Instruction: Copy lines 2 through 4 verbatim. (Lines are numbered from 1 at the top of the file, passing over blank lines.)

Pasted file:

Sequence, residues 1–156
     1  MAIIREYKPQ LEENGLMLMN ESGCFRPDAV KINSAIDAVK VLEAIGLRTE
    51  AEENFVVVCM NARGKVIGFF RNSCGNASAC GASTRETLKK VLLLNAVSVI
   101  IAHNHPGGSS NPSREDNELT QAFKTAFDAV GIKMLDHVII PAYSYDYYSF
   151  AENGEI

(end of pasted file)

     1  MAIIREYKPQ LEENGLMLMN ESGCFRPDAV KINSAIDAVK VLEAIGLRTE
    51  AEENFVVVCM NARGKVIGFF RNSCGNASAC GASTRETLKK VLLLNAVSVI
   101  IAHNHPGGSS NPSREDNELT QAFKTAFDAV GIKMLDHVII PAYSYDYYSF